First, look for a plantlet that has little nubs on it. These are the beginnings of those beautiful new roots that will help your new plant thrive. They look like the picture below. Make sure you get at least one of these when removing your baby.

You can also trim off the stem that the spider plantlet emerged from. You don’t need it to be long to root the cutting. Nor do you need to leave it on the parent plant.

spider plant babies
bottom of a spider plant baby

How to propagate a spider plant in water

Here are the steps to propagate spider plants in water. You’ll just need an existing spider plant, a clean knife or pair of scissors, and a container of water. Let’s get to it!

Step 1: Remove a spider plantlet

First grab a spider plantlet and fill up a container with water. Since the tiny spider plants don’t have long stems like some other plant cuttings, I like to use a mason jar with water or a bowl of water.

spider plant babies

Step 2: Grow roots in water

Next you’ll need to add your plants to a bit of water. You want the water to cover the root area only, not the entire plant. Set the plant and water in a spot with bright, indirect light. Check it every few days to monitor root growth, adding more water as necessary.

Make sure the roots remain covered in water throughout this process. I like my roots get nice and long over about 1 month in water. You could probably get away with a bit shorter of a time period.

propagating spider plants in water
woman holding a cup of water with spider plant babies in it
spider plant roots growing in water
spider plant roots growing in water

Step 3: Plant the new spider plant

Once the roots are sufficiently established, you can plant the spider plant just as you would any other plant. I planted three rooted spider plant babies together in one pot so it wouldn’t look so piddly. You don’t have to do this, though—you can plant them alone.

As for the soil, a good well-draining potting soil helps to ensure the roots don’t stay too wet. A soil mix labeled for indoor use is best. If you don’t have an indoor potting mix, lighten up your dirt by adding some coco coir or fine moss and perlite, sand, or both!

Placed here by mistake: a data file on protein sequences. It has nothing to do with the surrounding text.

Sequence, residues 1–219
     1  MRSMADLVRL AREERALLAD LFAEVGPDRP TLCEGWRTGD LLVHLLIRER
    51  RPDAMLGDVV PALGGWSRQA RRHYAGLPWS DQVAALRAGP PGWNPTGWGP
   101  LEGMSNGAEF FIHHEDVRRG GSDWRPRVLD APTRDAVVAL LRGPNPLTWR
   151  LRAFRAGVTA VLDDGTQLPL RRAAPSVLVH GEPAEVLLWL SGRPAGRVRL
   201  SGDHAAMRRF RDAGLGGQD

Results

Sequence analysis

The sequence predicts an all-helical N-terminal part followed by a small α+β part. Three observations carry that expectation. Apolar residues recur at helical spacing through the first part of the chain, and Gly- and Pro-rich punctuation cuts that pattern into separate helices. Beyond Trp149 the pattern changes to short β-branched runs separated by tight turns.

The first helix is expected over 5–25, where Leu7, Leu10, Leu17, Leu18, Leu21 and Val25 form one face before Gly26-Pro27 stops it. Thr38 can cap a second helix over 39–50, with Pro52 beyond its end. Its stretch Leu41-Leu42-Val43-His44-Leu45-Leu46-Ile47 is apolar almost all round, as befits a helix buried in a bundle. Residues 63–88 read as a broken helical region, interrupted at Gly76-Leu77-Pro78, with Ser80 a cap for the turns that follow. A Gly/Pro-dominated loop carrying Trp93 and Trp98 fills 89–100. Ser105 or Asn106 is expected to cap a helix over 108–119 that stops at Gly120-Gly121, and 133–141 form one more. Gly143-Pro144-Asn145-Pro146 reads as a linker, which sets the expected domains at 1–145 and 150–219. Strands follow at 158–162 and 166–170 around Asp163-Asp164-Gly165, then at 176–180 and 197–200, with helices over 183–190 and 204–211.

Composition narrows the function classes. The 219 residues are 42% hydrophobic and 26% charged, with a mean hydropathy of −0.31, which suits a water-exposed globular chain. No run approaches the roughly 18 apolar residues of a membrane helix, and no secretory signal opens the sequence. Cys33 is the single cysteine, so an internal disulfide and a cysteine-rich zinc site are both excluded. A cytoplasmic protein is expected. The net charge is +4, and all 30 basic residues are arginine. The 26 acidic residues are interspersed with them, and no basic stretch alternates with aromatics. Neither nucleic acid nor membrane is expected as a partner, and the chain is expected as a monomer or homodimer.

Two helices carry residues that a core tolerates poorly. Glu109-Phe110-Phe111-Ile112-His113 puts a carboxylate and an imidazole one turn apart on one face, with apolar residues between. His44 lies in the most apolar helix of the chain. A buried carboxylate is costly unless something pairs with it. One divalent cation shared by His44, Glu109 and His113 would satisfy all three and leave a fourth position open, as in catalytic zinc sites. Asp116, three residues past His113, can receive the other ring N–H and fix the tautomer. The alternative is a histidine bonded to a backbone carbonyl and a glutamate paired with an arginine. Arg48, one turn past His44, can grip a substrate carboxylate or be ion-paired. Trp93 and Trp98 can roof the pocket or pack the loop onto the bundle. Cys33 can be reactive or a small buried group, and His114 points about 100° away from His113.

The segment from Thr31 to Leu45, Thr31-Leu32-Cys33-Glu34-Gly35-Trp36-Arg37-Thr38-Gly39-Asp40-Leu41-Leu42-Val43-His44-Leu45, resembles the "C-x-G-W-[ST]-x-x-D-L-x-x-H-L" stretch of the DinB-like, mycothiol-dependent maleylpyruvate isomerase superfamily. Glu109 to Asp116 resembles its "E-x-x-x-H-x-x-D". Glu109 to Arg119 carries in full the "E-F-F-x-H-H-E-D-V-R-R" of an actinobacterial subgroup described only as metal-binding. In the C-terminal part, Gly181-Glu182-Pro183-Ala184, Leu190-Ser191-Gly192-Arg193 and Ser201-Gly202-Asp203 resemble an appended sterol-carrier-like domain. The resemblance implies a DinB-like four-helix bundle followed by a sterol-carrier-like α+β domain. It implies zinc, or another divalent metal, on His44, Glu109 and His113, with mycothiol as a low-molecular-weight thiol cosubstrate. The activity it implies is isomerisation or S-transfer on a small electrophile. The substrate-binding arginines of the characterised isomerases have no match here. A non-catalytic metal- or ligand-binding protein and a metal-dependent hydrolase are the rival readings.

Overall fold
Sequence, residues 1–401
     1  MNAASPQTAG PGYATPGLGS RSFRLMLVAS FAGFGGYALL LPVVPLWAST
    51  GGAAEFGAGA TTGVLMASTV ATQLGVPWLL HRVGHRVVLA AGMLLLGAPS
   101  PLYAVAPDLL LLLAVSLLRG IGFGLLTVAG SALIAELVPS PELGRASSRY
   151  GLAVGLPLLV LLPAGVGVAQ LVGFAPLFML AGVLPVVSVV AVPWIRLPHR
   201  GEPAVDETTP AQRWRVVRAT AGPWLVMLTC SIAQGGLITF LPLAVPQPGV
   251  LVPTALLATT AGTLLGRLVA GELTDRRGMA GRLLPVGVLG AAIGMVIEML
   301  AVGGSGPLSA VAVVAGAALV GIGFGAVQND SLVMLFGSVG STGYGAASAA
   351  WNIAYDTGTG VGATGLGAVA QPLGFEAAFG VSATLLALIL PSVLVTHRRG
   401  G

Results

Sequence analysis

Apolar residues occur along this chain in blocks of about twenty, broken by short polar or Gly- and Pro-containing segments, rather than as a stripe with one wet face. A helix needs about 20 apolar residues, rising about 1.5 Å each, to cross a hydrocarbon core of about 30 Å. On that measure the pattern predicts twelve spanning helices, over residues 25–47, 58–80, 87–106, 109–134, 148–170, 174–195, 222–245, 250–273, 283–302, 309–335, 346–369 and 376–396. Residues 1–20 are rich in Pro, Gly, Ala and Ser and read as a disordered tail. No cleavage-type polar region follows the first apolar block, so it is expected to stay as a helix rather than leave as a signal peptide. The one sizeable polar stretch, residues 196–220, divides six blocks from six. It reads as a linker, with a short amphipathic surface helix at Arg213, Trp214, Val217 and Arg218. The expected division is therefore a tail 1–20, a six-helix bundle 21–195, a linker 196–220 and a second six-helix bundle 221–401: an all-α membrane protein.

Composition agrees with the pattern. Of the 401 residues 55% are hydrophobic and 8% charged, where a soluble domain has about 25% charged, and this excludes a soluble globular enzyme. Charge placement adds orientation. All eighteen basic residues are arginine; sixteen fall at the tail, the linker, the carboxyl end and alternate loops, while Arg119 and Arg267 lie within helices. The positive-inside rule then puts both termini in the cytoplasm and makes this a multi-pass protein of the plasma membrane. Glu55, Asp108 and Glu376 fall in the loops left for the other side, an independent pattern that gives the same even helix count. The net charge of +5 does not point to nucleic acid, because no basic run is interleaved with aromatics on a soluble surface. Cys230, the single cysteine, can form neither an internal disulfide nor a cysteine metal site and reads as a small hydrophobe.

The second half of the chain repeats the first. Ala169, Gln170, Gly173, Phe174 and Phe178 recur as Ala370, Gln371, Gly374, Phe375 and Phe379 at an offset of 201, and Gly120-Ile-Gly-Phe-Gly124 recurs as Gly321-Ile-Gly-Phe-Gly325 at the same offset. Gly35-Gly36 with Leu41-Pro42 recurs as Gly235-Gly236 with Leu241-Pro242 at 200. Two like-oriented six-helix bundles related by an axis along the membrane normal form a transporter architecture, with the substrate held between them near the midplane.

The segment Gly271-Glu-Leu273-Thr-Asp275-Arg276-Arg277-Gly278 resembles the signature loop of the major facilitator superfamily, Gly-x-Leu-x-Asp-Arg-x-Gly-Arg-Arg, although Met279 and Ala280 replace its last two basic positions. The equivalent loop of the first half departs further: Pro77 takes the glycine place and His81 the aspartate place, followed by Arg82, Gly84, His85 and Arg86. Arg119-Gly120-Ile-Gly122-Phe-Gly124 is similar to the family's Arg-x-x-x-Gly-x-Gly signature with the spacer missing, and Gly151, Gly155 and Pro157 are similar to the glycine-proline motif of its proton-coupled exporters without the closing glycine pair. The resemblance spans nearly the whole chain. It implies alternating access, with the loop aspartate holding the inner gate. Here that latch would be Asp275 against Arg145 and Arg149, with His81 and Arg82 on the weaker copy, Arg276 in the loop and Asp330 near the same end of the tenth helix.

What happens if you leave spider plant babies?

Nothing at all! You can definitely choose to keep the babies on the parent plant. My mom has kept most of the babies on her mother plant. It creates a lush look.

Eventually, if your plant remains healthy, the babies will begin producing babies. I have no idea how many “generations” of families that one spider plant can produce, though. I’d love to know. My mom’s plant is certainly giving it a go, though. Here is an updated picture.

huge beautiful spider plant with lots of babies

How often should you water a spider plant cutting?

Once your transfer your water-rooted cutting to soil—or if you planted your spider plantlet directly in soil—you’ll want to keep the soil evenly moist. I recommend watering the plant slightly more than you would an established spider plant.

That’s because you need a bit of extra moisture to help the roots develop. Once you can gently tug the plant and get some resistance, you know it has started to root. You can back off watering.

How long do spider plant cuttings take to root?

The length of time it takes for spider plant cuttings to root depends heavily on the conditions you’re growing the plant in. Propagations in the fall and winter take longer to root than those done in the spring and summer.

That’s because warmer temperatures, plenty of bright, indirect light, and some extra humidity can help plants root faster. It could take several weeks for your spider plant babies to grow several inches long in water.

Then, after you transfer the cutting to soil, it could take another few weeks for the water roots to transition to soil. Water roots are a bit different from soil roots, so keep the soil evenly moist as they adjust to their new home.

Wrapping up…

Propagating spider plants can be a rewarding forway into the plant propagation world, and water propagation is an easy way to get started. By following the steps in this guide, you’ll be on your way to building an army of spider plants!

Pin my tips about how to propagate spider plants!

collage that says how to propagate spider plant babies with images

Leave a comment

Your email address will not be published. Required fields are marked *

  1. Glenda Myers says:

    Example of synchronicity, I looked at my very pregnant spider plant this a.m. and wondered if there was instruction in propogating a spider plant on your blog (which I recently discovered) and it showed up in my e mail this very day !!! thank you for your helpful log, you keep it interesting too.

This blog's content is for entertainment purposes only and is not professional advice. By reading this blog and attempting to re-create any content shared on it, you assume all responsibility. Read my full Terms of Use here.